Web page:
Design Pattern Solidity: Initialize Contract after Deployment

How to use the Initializable pattern

There are a few reasons why you might want to initialize a contract after deployment and not directly by passing constructor arguments. But first let's look at an example:

contract MyCrowdsale {
  uint256 rate;

  function initialize(uint256 _rate) public {
    rate = _rate;
  }
}

What's the advantage over constructor(uint256 _rate)?

  • Deployment and configuration does not need to happen at the same time. This can be useful when your workflow requires it.
  • Easier Etherscan verification as you do not have to deal with messy constructor arguments.
  • Can be used to avoid the 'Stack too deep, try removing local variables' error when passing more than 13 variables.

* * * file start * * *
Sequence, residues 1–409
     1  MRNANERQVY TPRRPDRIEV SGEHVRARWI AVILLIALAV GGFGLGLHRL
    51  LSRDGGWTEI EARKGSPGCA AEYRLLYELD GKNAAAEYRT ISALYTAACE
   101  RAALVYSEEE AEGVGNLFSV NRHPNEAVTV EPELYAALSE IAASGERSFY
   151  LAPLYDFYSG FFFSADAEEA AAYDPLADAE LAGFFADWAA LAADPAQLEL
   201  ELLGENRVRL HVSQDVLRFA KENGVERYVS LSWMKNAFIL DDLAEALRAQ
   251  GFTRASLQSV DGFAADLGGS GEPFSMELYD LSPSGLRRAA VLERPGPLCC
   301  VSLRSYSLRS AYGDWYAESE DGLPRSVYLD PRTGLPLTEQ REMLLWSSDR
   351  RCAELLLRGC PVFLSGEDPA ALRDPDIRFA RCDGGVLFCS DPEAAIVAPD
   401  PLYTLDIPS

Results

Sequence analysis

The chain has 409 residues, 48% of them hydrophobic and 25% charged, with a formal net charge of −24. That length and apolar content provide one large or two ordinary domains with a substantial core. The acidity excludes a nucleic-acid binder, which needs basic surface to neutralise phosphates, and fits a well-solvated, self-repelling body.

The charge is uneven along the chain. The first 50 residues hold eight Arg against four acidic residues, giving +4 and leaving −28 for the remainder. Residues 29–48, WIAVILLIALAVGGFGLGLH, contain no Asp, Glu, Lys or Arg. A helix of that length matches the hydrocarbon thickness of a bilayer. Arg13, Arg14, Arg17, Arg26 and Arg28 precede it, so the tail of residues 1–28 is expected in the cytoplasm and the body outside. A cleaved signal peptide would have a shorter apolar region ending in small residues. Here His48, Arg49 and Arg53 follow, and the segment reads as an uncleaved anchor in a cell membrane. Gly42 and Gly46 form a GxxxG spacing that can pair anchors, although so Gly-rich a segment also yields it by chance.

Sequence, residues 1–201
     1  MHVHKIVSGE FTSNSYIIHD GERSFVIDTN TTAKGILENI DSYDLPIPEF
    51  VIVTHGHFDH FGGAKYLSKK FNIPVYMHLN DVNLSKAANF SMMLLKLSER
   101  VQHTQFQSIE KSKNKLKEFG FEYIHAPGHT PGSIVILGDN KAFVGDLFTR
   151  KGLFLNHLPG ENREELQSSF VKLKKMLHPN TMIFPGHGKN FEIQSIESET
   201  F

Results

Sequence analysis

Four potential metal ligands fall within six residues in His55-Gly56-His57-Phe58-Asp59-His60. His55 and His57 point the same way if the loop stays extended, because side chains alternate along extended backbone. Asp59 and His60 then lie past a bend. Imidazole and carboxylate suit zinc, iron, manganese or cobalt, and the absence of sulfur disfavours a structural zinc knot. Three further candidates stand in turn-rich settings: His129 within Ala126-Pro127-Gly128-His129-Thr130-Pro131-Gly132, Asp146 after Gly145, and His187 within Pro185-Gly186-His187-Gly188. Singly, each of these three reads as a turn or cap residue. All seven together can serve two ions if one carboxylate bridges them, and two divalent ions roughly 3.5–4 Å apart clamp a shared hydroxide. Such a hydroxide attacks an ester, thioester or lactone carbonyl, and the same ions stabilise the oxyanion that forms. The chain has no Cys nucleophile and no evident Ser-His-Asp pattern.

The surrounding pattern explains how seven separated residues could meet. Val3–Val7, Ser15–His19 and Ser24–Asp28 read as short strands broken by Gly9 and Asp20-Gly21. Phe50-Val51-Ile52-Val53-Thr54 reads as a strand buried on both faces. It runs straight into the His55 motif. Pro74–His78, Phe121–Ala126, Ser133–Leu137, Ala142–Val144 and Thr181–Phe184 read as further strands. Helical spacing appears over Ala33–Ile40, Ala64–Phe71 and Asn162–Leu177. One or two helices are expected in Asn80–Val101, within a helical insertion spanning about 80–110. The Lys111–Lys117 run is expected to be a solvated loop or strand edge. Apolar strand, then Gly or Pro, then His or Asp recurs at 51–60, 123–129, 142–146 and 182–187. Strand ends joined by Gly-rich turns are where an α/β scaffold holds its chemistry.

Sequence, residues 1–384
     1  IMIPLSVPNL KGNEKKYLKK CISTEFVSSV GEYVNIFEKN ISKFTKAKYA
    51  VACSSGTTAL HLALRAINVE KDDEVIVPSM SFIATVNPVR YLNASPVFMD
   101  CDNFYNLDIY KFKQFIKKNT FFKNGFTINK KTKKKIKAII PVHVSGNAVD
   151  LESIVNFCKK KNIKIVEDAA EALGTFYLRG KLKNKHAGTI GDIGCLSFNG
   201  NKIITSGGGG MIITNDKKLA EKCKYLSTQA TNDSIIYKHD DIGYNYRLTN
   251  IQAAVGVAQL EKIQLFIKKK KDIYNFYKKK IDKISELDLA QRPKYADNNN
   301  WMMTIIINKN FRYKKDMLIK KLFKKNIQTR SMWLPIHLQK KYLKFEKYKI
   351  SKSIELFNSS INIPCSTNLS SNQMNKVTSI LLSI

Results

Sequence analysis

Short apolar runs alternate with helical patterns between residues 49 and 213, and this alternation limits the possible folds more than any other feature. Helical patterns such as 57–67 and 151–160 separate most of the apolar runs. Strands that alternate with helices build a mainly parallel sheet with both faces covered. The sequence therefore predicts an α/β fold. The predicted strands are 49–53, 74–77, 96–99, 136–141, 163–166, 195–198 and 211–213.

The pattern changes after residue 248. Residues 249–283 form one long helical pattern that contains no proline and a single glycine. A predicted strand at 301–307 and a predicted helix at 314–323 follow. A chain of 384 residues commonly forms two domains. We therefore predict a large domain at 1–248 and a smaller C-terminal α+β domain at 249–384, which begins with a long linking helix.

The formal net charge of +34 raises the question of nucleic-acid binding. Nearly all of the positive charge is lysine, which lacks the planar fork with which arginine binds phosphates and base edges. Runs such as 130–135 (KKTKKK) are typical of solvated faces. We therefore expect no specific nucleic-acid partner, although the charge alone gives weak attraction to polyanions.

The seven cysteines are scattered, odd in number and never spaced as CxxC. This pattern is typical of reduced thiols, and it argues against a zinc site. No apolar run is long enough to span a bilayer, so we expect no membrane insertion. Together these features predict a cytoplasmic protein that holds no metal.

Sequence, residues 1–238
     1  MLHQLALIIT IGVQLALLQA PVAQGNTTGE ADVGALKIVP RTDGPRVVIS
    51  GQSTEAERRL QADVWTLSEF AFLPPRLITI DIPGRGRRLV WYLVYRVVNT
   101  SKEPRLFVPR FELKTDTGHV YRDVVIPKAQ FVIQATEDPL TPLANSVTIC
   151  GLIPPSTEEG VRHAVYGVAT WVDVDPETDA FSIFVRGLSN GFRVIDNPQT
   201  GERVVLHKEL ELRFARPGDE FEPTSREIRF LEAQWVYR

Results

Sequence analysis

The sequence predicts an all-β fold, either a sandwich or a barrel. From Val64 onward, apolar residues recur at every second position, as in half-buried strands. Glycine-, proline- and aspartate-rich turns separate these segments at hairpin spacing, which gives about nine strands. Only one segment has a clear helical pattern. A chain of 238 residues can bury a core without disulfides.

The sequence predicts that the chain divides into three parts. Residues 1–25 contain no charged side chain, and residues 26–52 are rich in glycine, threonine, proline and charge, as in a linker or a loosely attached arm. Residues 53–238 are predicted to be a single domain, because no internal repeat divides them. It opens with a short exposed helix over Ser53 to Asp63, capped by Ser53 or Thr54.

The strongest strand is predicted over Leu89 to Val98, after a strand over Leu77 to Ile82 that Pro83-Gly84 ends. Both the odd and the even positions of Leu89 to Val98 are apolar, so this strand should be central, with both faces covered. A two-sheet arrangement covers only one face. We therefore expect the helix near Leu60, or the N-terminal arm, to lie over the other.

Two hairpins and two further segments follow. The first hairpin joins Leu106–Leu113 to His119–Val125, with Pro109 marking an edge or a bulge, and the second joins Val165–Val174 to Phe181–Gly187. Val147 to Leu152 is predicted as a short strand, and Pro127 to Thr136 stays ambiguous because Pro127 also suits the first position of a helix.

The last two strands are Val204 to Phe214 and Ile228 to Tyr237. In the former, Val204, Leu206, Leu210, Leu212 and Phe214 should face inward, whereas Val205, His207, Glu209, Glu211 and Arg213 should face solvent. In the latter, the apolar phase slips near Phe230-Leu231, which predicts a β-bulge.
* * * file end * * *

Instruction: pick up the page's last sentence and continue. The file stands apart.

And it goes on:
• It allows your contracts to be upgradable.

Avoid multiple initializations

Make sure though that you do not allow multiple initializations. For just a few parameters, simply add a check for each parameter, e.g., require(rate == 0). For many parameters, add an isInitialized boolean state variable:

contract MyContract {
  bool isInitialized = false;

  function initialize(
    uint256 _param1,
    uint256 _param2,  
    uint256 _param3,
    address _param4,
    address _param5,
    bytes32 _param6,
    bytes32 _param7
  ) public {
    require(!isInitialized, 'Contract is already initialized!');
    isInitialized = true;

    param1 = _param1;
    ...
    param7 = _param7;
  }
}

Markus Waas

Solidity Developer

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